11 French Words that’ll Make You Sound like a Fluent French Speaker – Vol. VI

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No one wants to sound like they walked out of an “Allez, viens!” textbook, and yet sometimes it happens… because that’s the textbook you learned from. In pursuit of fluency (or at least not sounding like a 1980s French robot), learn these 11 words that French people actually use and you’ll be sounding like a fluent speaker in no time. Before you start, brush up on our list’s from February, March, April, May, and June.

1. Bon rapport qualité prix

Always looking to spend less but never wanting to sacrifice on quality, the French have an adjective for when something is a good deal: “bon rapport qualité prix” (literally, a good ratio of quality and price”).

2. À Zidane!

A notable phrase to know especially during the World Cup, “à Zidane!” is what you say while you cheers your drinks at the beginning of the night. It translates as “to Zidane!” with Zidane referring to Zinédine Zidane, a legendary and beloved former French soccer player who was famously red-carded out of his final match — a World Cup match, no less — for headbutting someone.

3. 06

All cellphone numbers in France begin with 06 or 07. (Home phones, however, have specific area codes.) So, if you want to ask for someone’s phone number in France, the slang way to do it would be to refer to it as their “zéro-six.” For example, to meet up with your new French friends for drinks, you’ll need to ask “c’est quoi ton zéro-six?”

4. La boucle est bouclée

What to say when things have come full circle? “La boucle est bouclée,” or “the buckle is fastened.” For example, if you spend the first night and the last night of your year abroad at Sacré-Coeur with a friend and a bottle of wine, you can turn to each other and say, “la boucle est bouclée.”

5. Être bilingue / parler couramment le français

Though the English word “fluent” sounds like it could be French (“flu-ent“), it’s not. To say that you’re fluent in a language, use “être bilingue” (ex: “je suis bilingue”). If you feel that you’re not bilingual but are pretty proficient in French, use “parler couramment le français” (ex: “je parle couramment le français”).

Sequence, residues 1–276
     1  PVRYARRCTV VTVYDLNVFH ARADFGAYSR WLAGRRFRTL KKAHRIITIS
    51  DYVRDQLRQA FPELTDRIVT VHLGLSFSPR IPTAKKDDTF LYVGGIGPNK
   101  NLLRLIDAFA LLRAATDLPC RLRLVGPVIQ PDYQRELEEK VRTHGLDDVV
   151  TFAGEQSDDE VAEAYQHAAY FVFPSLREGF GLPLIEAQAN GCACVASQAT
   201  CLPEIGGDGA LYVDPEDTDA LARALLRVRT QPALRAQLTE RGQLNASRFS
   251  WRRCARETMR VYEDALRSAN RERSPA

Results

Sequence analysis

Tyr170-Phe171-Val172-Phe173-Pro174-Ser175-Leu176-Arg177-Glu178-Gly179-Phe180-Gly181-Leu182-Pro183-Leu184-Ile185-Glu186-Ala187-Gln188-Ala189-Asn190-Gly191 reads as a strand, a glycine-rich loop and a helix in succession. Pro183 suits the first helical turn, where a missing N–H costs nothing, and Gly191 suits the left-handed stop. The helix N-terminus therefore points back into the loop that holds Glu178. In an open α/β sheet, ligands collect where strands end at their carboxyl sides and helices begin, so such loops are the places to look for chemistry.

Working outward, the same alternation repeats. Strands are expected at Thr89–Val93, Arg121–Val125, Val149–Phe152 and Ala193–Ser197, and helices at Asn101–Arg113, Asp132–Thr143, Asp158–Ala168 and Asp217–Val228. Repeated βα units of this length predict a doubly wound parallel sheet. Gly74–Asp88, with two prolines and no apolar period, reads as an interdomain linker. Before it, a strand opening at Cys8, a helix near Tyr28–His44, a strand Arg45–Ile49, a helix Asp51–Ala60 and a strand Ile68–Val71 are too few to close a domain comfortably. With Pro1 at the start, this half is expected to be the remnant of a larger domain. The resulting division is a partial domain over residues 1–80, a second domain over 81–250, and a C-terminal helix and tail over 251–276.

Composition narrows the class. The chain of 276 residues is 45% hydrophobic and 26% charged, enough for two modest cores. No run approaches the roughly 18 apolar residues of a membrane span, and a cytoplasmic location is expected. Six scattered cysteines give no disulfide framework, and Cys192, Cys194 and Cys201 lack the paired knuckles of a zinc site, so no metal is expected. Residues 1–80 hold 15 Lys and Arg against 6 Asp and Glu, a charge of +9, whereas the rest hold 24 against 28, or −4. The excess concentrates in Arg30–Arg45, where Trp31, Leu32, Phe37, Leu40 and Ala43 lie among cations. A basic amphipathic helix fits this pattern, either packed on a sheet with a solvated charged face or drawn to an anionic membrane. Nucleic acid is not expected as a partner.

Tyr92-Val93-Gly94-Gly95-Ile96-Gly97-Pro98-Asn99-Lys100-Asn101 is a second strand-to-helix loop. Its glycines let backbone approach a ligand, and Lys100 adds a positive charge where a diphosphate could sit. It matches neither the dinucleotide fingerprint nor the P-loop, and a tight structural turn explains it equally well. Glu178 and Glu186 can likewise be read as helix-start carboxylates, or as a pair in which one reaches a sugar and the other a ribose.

6. Forcément

“Forcément” means inevitably or necessarily. (The non-literal translation is more like “of course.”) You could use it as an exclamation or put it at the beginning of a sentence. Let’s say you go to the beach and your friend tells you to put on sunscreen or else you’ll get a sunburn, but you brush him off and don’t apply sunscreen. When you do get a sunburn and tell him, “j’ai pris un coup de soleil,” he’ll respond, “forcément, je t’avais prévenu” (or course, I told you you would!).

7. Tristounet(te)

When something is sad and also cute, you can call it “tristounet(te).” It probably reminds you of “triste” but “triste” is for when kid trips and falls (i.e., something sad) and “tristounet(te)” is for when a basset hound puppy trips on its own ears and falls (i.e., something sad and cute).

8. Merci de …

To thank someone for doing something, you don’t literally translate it to “merci pour…”. It’s “merci de…”. Did your mom do the laundry you brought home? “Merci d’avoir fait ma lessive.” Want people to RSVP to your party? “Merci de répondre.” Did your coworker save you a croissant when you were running late to the office meeting? “Merci d’avoir pensé à moi.”

9. Se débrouiller

A basic reflexive -er verb, “se débrouiller” should be in everyone’s vocabulary arsenal because it means to get by, or to manage or handle things on one’s own. If someone asks you to help them move apartments, and you tell them you’re busy, they’ll respond “bon, je me débrouille” (fine, I’ll do it myself). Of course, it won’t be done as quickly, easily, or well as it would be with help, but the job ultimately gets done.

10. Un pote

This masculine noun is what you’d call a male or female friend who is not a really good friend, but it’s still a friend. It’s the kind of person you’ve hung out with a few times, maybe who you see in group settings, but it’s not a good friend. A good friend is “un très bon pote (à moi)” and a really good friend is “un(e) ami(e)”.

11. Je marche sur l’eau

This translates to “I’m walking on water,” meaning you’re so talented at something, you can do the impossible. (“Marcher sur l’eau” is the infinitive phrase.) Soccer player Kylian Mbappé scored two goals in just three minutes of the France vs. Argentina World Cup quarterfinal game. So how good is he? Il marche sur l’eau.

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